Render of a DNA helix and Planet Earth

Flash forward: genomics in 2022

In our second end-of-year roundup, we look ahead to three areas of genomics likely to spark discussion in the coming year

Genomics had a noteworthy 2021 – we finally completed a full sequence of the human genome, mRNA vaccines were licensed for the first time and new gene therapies were developed to treat a variety of rare diseases, alongside many other breakthroughs. But what might the next 12 months have in store?

A Mendelian milestone

2022 will mark the 200th anniversary of the birth of Gregor Mendel, the Augustinian friar whose experiments on plants laid the foundation for genetics and genomic science. Born just 11 years after Charles Darwin, his work is fundamental to modem biological science and medicine. 

Without knowing anything about DNA or chromosomes, Mendel was able to discover that inherited characteristics are the result of discrete units of heredity (what we now call genes) and that these come in pairs, with one inherited from each parent.  

By looking at mathematical relationships between the number of plants in each generation expressing certain traits, he was able to track genes through the generations and understand the difference between dominant and recessive alleles.

Even with all that we know now and the powerful genomic technologies available to us, Mendel’s work remains influential: we still use the word ‘mendelian’ to describe inheritance of traits governed by a single gene, as well as conditions caused by monogenic variants, including cystic fibrosis and Huntington disease.

We expect to see his invaluable contribution to genomics celebrated and revisited by many during this milestone year.

New hope for newborns

This year, a pilot programme between Genomics England and the NHS will investigate the possibilities offered by whole genome sequencing for healthy newborns.

The Newborn Genomes Programme initiative aims to sequence the whole genomes of 200,000 babies and screen them for child-onset genetic diseases where treatment or care can make a difference. This data will then be evaluated to decide whether the approach should be adopted more widely.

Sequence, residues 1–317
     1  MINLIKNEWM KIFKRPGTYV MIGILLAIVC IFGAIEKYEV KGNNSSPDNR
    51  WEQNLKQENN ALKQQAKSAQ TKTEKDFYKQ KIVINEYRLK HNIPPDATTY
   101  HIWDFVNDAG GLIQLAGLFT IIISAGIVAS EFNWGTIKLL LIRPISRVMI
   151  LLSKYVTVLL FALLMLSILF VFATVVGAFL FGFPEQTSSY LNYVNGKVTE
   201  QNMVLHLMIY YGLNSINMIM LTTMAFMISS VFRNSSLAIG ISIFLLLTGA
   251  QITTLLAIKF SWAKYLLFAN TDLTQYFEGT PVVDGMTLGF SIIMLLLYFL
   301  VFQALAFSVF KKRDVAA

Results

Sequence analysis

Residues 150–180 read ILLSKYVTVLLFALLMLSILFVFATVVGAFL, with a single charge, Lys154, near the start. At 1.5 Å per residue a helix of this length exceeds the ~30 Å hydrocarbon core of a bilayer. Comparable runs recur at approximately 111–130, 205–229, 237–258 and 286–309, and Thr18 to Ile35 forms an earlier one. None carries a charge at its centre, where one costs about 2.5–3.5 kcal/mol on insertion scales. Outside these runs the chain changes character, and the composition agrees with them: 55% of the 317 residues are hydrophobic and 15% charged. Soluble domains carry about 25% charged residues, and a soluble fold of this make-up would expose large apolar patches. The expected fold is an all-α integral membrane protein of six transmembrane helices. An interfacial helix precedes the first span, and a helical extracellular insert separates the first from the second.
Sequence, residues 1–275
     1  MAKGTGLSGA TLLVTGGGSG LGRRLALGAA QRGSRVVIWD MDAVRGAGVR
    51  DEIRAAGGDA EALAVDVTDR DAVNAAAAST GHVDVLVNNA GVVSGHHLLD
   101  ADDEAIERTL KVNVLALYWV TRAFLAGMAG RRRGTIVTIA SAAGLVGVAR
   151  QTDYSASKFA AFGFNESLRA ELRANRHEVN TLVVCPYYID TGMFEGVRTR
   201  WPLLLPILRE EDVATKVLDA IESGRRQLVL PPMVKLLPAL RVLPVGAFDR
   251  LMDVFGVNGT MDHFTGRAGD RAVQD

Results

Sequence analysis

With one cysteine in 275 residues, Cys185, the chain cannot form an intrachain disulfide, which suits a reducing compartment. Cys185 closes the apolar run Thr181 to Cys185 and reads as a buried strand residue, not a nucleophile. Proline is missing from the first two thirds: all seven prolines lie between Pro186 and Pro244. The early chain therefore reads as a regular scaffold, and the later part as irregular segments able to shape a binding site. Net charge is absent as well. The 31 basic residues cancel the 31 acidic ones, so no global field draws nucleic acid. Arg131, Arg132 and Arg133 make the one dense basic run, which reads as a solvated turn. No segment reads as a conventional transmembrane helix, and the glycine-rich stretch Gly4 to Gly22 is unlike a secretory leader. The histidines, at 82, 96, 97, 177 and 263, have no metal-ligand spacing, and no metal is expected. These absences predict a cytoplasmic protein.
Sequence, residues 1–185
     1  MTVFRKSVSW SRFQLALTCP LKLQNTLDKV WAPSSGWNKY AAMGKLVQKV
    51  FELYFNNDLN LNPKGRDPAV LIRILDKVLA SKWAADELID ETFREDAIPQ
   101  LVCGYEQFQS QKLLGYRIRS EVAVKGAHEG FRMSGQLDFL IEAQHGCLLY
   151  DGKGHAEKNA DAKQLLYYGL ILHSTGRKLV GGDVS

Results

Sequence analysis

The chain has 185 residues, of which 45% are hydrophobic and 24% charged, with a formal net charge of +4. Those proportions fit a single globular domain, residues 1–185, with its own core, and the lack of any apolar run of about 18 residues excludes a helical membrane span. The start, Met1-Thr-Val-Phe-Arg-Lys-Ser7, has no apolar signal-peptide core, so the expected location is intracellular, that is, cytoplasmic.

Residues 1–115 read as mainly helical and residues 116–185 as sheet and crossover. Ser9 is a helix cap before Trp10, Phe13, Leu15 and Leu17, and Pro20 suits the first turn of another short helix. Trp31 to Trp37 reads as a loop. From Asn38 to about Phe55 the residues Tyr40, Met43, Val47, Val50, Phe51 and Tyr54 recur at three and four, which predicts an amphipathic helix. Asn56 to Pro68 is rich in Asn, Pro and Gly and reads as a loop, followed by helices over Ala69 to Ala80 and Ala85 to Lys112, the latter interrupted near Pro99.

As with current newborn screening programmes such as the blood spot test, participation will not be compulsory and parents who are offered screening will have the choice whether to have their child tested.

This type of screening could be pivotal in the early diagnosis of genetic conditions in newborns and allow them to receive new, life-changing treatments. Last year, we covered a one-off treatment, Zolgensma, that can stop the progression of severe spinal muscular atrophy. The drug could save the lives of around 80 babies per year, but is most effective when administered before symptoms develop and so early screening will play a crucial role in its use.

Following a public dialogue exercise, Genomics England published a vision document for the project in December 2021. Although sequencing is not planned to begin until 2023, we can expect this topic to be at the forefront of discussions around genomics this year as plans progress.

Find out more about how genomic technologies are helping newborn babies and their families on our Genomics in Midwifery webpage.

Diversifying datasets

As genomics becomes more streamlined and integrated into NHS practice, it is important that all patients can benefit equally from advances in genomic medicine.

As explained in this blog article, there is a long-established bias in genomic datasets towards populations of European ancestry, meaning that results from studies may be less relevant and applicable to people from other populations.

Work to address this, including community engagement, sequencing new participants and developing analytical tools, is outlined in the government’s Genome UK: 2021 to 2022 implementation plan, but the scope of the task means that we can expect this to remain a talking point throughout 2022 and beyond.

Want to learn more about genomics as it happens? Our blog is updated every week with the latest genomics news and research, or join our mailing list for more on our programme, resources and events.

Please note: This article is for informational or educational purposes, and does not substitute professional medical advice.